Egg donation as part of surrogacy in the US

Many parents conceiving through US surrogacy conceive with help from an egg donor.  This includes same-sex male parents and single dads, as well as single women and different-sex couples whose age or medical/fertility issues mean they need the help of a donor as well as a surrogate. US surrogacy arrangements are gestational surrogacy arrangements (where the surrogate is not a genetically the parent of the child she carries), which means that if the intended parents are not able to provide an egg they will need the help of a separate egg donor.  

There are a number of ways to find an egg donor in the US, and typically a lot of choice. Many US fertility clinics have their own egg donor databases. Alternatively surrogacy agencies often have egg donor matching services as well, or there are egg donation agencies which can be engaged separately.  

US egg donor screening and requirements


US egg donors follow a thorough screening process, including an in-depth questionnaire/application form to gather a full medical history, an interview with a donor coordinator, counselling, a psychological assessment, blood tests for infectious diseases, genetic testing, a vaginal ultrasound and a physical examination. This sometimes happens prior to the donor being available for matching, but some agencies will screen after match. The main requirements typically include: 

  • Being in good physical and psychological health 
  • Having a healthy family medical history 
  • Being age 20 to 30 
  • Having a healthy BMI, being a non-smoker and not using any drugs  
  • Being reliable and able to make appointments, and willing to take injections 


What information is available about US egg donors?


The information available to intended parents about US egg donors is extensive, helping intended parents to select their donor carefully and giving them detailed information to provide to their child as they grow up. Egg donor profiles typically include: 

  • Age and location 
  • Education history and occupation 
  • Family, including details of the donor’s own children 
  • Medical background, including detailed genetic and family history 
  • Lifestyle, diet, hobbies and interests
  • The outcome of previous donations
  • Photos of the donor now and as a child (and sometimes video or audio footage)
  • Information about the donor’s personality and motivations
  • In some cases, genetic heritage
  • In some cases, the donor’s full identity and contact information


Can intended parents or donor-conceived children meet their US egg donor?


When the donor puts her profile together, she will record whether she wishes to remain unknown or is willing to be contacted. Most donors now at least agree to being contacted in the future if the child wishes to meet them or needs medical information, and it is sensible for intended parents to avoid a donor who says she wishes to remain entirely anonymous since in practice consumer DNA testing now means that this is unlikely to be realistic. Some donors are willing to meet the intended parents before donating, which can be arranged via a video call, either on a no-names basis or with full disclosure of identity.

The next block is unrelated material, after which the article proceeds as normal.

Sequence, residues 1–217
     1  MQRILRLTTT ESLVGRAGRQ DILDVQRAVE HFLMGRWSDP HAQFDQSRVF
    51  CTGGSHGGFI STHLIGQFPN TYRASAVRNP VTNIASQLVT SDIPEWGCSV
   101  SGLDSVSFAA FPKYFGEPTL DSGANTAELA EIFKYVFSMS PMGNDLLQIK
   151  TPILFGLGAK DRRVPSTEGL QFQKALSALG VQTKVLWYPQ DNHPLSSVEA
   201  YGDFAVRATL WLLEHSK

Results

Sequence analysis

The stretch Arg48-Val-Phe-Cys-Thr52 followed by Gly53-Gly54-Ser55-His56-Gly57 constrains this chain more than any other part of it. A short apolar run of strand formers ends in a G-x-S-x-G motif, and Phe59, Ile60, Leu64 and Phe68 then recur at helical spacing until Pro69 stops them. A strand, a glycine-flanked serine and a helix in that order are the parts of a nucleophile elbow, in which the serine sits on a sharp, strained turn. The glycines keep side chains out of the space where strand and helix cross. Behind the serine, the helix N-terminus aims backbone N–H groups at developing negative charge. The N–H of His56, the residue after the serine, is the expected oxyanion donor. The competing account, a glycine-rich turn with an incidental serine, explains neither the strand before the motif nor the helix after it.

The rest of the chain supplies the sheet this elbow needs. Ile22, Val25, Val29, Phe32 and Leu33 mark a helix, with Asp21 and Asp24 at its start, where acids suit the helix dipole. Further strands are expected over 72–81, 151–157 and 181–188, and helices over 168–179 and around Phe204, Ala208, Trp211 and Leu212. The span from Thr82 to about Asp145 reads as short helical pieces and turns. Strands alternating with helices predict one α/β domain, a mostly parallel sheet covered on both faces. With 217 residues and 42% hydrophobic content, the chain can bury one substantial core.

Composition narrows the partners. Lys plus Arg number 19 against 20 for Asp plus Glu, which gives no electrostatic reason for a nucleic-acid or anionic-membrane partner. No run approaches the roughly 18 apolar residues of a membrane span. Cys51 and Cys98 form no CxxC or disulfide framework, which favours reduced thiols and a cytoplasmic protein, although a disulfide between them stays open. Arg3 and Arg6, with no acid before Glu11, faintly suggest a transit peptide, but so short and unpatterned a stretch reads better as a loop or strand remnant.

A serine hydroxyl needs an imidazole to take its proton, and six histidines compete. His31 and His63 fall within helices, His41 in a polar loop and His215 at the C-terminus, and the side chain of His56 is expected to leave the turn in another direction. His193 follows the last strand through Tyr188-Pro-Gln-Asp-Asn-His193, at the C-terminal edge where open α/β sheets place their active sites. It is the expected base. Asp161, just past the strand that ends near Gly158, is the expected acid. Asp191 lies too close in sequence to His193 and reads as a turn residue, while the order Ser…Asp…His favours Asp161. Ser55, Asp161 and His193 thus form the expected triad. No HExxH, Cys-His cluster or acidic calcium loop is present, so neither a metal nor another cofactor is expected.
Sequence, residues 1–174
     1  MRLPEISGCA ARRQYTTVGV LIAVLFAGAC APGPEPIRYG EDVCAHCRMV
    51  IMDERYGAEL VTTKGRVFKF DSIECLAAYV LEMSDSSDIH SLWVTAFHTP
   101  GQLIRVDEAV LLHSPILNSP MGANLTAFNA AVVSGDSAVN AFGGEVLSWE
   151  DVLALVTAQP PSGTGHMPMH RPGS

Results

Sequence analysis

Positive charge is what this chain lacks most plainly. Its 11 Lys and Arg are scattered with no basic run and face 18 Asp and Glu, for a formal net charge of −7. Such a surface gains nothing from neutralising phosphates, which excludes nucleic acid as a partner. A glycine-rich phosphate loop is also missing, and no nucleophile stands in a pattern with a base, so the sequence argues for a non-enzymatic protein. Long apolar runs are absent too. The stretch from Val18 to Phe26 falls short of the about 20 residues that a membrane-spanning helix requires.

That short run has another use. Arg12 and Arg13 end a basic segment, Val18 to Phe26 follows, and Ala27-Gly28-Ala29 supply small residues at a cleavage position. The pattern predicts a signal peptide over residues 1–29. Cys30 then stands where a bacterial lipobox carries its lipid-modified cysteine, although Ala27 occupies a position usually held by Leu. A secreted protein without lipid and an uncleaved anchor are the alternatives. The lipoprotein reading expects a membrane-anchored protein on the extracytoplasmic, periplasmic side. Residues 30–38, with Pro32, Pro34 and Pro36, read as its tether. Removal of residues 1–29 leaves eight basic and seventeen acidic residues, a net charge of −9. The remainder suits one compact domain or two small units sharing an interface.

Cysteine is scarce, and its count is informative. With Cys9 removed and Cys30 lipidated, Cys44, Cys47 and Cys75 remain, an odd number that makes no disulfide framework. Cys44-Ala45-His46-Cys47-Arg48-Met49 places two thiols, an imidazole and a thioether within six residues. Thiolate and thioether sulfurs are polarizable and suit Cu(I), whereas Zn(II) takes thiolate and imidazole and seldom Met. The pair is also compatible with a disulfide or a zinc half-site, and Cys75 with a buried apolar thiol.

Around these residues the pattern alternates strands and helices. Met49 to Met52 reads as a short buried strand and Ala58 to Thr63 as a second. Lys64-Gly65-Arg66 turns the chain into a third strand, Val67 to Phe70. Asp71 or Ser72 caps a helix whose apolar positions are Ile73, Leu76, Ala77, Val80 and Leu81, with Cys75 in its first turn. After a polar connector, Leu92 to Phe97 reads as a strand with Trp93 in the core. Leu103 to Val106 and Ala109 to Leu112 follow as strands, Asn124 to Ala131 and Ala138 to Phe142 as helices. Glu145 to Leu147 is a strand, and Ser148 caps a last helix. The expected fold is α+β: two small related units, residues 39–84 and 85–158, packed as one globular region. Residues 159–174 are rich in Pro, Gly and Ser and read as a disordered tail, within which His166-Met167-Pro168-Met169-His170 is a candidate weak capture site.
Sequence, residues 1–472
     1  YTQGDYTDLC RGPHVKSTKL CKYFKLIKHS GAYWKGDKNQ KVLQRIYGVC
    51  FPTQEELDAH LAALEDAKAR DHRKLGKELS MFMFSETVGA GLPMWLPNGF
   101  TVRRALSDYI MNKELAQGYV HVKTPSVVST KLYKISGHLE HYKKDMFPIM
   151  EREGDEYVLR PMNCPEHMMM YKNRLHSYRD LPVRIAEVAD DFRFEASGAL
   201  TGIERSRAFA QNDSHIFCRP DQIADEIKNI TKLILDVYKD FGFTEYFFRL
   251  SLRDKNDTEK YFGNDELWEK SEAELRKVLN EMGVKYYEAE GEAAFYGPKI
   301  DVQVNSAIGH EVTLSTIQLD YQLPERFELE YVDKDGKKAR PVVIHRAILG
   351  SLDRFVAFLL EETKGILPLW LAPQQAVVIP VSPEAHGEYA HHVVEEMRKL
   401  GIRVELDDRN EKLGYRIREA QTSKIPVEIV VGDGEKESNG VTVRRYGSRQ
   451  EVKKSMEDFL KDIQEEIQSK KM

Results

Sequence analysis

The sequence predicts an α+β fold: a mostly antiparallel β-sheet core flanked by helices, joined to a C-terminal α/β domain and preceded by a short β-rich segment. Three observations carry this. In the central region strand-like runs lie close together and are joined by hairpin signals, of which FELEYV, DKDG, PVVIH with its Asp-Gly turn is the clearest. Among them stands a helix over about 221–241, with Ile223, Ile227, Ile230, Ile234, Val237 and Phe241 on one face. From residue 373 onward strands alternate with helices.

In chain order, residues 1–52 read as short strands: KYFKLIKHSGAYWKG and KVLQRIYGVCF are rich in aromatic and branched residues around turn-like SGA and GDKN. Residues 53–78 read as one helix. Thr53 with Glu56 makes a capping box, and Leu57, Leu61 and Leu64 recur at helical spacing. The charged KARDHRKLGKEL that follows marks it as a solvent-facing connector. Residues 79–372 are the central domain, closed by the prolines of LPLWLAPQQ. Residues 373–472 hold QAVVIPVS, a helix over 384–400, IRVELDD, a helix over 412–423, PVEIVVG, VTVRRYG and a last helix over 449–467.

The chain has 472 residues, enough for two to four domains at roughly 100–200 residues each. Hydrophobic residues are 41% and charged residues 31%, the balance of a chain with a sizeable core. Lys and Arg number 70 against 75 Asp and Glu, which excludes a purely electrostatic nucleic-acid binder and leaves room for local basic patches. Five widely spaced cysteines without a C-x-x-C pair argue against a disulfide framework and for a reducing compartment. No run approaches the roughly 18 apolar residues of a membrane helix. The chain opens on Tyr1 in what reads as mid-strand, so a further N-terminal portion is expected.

Research has consistently shown that children born as the result of donation benefit from information being shared with them by their parents openly and honestly from an early age. The Donor Conception Network offers support and information to parents, anyone considering donor conception and donor-conceived people. 


Can same-sex male couples fertilise eggs from the same US egg donor?


It is very common for samesex male couples to have eggs from their donor fertilised with sperm from each of them, with a view to them conceiving two or more children who are genetically linked with each other while also giving the parents each the opportunity to become a biological father.   


Will a donor cycle more than once for the same parent/s?


Intended parents can ask for a donor willing to cycle more than once for them, particularly if they want to create enough embryos to plan for more than one child.   


How many other families can a US egg donor donate to?


The American Society for Reproductive Medicine recommends that egg donors donate up to a maximum of six times. Information relating to a donor’s previous donations is shown within her profile and repeat donors often receive higher compensation. 



What is the US legal process for egg donation in the USA?


US attorneys can put agreements in place to ensure that an egg donor is not the legal parent of any child she helps to conceive, as well as securing the agreement for contact or future sharing of information.  Alternatively, some clinics will put a consent between the donor and the fertility clinic.  A US attorney can advise on the best way forward. 

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More information

Surrogacy pregnancy and birth in the USA

Bringing surrogate babies home from the USA

How a US surrogacy journey works step by step

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